Sinfulness can lead to culture of blame

By  Cindy Wooden, Catholic News Service
  • October 13, 2006
Pope Benedict IIVATICAN CITY - When individuals lose sight of their own sinfulness, it is impossible to promote real reconciliation and establish true justice in society, Pope Benedict XVI told bishops from Western Canada.

In fact, he said, when people cannot see their own need for forgiveness, they cannot forgive others, so they create a culture where people turn immediately to a court to assign blame.

The fact that people sin against God and against each other “is part of the truth about the human person,” the Pope said in an Oct. 9 speech to bishops from British Columbia, Alberta, Saskatchewan and Manitoba. The church leaders were in Rome for their ad limina visits, which bishops make to the Vatican every five years to report on the status of their dioceses.

Pope Benedict said he was pleased by the bishops’ reports on efforts to promote the sacrament of Reconciliation within their dioceses.

“While this sacrament is often considered with indifference, what it effects is precisely the fullness of healing for which we long,” the Pope said.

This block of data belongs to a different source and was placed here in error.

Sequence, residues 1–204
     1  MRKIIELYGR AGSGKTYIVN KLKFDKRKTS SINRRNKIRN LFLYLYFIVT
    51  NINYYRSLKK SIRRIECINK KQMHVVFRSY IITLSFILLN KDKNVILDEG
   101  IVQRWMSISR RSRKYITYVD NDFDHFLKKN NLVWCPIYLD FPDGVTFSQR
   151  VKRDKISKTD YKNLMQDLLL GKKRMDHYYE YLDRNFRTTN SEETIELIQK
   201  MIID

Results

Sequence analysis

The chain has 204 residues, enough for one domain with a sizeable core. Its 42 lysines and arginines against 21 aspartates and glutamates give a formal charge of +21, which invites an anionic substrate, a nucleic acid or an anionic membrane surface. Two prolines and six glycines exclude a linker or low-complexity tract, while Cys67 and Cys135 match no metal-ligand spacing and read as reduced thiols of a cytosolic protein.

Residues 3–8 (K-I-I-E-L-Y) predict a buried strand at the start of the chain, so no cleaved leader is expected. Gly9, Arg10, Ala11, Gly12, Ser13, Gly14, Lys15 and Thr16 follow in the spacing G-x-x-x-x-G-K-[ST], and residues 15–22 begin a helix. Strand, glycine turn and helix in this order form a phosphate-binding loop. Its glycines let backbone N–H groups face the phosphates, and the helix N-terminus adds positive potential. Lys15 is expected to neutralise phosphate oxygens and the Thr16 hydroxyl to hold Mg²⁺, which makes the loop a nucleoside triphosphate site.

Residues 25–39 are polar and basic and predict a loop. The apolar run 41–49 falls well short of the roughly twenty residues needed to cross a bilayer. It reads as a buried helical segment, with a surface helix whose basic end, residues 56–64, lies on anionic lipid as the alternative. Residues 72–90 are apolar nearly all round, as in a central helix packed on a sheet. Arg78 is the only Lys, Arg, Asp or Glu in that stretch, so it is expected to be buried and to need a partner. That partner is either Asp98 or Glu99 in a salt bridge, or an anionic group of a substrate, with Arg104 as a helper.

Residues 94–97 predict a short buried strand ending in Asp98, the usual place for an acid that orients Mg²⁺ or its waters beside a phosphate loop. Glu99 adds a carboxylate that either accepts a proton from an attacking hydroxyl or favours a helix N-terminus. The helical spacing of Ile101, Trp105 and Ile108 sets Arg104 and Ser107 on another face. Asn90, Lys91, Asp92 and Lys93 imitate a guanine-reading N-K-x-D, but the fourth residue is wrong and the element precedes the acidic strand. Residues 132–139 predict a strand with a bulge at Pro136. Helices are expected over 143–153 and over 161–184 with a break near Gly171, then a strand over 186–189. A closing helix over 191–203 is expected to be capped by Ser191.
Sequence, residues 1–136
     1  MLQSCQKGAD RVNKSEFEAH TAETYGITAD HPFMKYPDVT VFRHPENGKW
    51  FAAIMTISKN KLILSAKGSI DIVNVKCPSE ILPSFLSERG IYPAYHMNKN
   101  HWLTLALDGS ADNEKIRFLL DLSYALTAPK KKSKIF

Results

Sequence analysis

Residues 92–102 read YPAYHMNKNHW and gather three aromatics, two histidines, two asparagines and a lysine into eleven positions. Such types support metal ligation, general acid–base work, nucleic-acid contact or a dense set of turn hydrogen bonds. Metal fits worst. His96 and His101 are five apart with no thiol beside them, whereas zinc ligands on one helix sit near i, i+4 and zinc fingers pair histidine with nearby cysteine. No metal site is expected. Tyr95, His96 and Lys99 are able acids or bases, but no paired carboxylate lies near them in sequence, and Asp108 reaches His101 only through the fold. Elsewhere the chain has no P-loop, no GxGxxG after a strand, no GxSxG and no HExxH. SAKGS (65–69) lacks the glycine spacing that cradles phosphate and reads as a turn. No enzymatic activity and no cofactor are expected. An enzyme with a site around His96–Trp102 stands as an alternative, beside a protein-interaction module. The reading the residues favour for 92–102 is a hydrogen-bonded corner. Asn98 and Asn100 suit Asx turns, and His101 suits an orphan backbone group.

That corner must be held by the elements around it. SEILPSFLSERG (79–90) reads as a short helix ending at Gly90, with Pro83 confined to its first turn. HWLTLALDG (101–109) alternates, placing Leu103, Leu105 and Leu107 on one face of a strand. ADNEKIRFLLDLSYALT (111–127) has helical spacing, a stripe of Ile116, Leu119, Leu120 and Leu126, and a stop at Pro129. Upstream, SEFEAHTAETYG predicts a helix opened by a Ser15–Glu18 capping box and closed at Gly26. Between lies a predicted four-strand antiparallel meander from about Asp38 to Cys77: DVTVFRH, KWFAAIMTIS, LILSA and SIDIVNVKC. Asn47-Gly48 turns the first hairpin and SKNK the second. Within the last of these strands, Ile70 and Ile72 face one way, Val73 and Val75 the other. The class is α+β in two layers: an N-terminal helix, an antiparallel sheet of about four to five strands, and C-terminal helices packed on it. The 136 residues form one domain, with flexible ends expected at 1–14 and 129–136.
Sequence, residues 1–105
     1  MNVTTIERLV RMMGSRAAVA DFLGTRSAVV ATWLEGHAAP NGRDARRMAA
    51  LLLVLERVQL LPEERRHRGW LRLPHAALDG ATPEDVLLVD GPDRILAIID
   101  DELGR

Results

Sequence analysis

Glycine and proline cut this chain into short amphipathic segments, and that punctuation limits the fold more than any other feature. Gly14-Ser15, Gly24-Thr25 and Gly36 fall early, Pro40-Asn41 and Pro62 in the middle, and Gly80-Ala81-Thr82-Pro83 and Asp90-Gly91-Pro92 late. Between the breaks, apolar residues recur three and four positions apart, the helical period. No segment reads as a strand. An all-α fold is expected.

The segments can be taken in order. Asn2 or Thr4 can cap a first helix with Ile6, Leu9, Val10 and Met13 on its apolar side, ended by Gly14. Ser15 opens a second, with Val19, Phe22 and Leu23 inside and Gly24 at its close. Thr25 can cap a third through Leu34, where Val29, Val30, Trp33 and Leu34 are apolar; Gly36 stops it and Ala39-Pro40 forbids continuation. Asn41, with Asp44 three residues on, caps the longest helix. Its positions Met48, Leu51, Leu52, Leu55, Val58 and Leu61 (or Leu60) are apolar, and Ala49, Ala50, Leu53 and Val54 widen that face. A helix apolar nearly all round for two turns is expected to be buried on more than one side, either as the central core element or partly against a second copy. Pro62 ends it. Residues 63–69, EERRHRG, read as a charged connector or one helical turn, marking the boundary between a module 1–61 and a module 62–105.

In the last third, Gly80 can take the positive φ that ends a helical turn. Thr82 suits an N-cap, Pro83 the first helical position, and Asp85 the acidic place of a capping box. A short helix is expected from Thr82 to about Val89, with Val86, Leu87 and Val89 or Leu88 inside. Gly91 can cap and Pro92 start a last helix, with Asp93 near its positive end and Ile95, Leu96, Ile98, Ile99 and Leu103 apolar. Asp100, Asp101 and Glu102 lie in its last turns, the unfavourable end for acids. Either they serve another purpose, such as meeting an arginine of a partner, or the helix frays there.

Using the parable of the prodigal son, Pope Benedict spoke of God’s endless mercy and the human desire for forgiveness and reconciliation. As in the parable, he said, “the human temptation to exercise one’s freedom by distancing oneself from God is frequent.” But as demonstrated by the fate of the younger son who takes his inheritance and leaves his father, the Pope said, when freedom is sought without reference to God “the result is negative: loss of personal dignity, moral confusion and social disintegration.”

The older, obedient son’s reaction also is erroneous, the Pope said; it is similar to that of many people “who sadly distance themselves from the church” because they are unable to understand God’s unconditional love.”

A person has to recognize his own sinfulness before he can ask forgiveness and before he can grant others pardon.

“When the need to seek forgiveness and the readiness to forgive are forgotten, in their place a disturbing culture of blame and litigiousness arises,” the Pope said.

The Pope praised the work of the Catholic Aboriginal Council for Reconciliation and the Amerindian Fund for their efforts to redress the injustices of the past, and he encouraged the church to address “the underlying causes of the difficulties surrounding the social and spiritual needs of the aboriginal faithful.”

 Please see the Pope's speech to the bishops of Western Canada during their ad limina visit to the Vatican on Oct. 9, 2006

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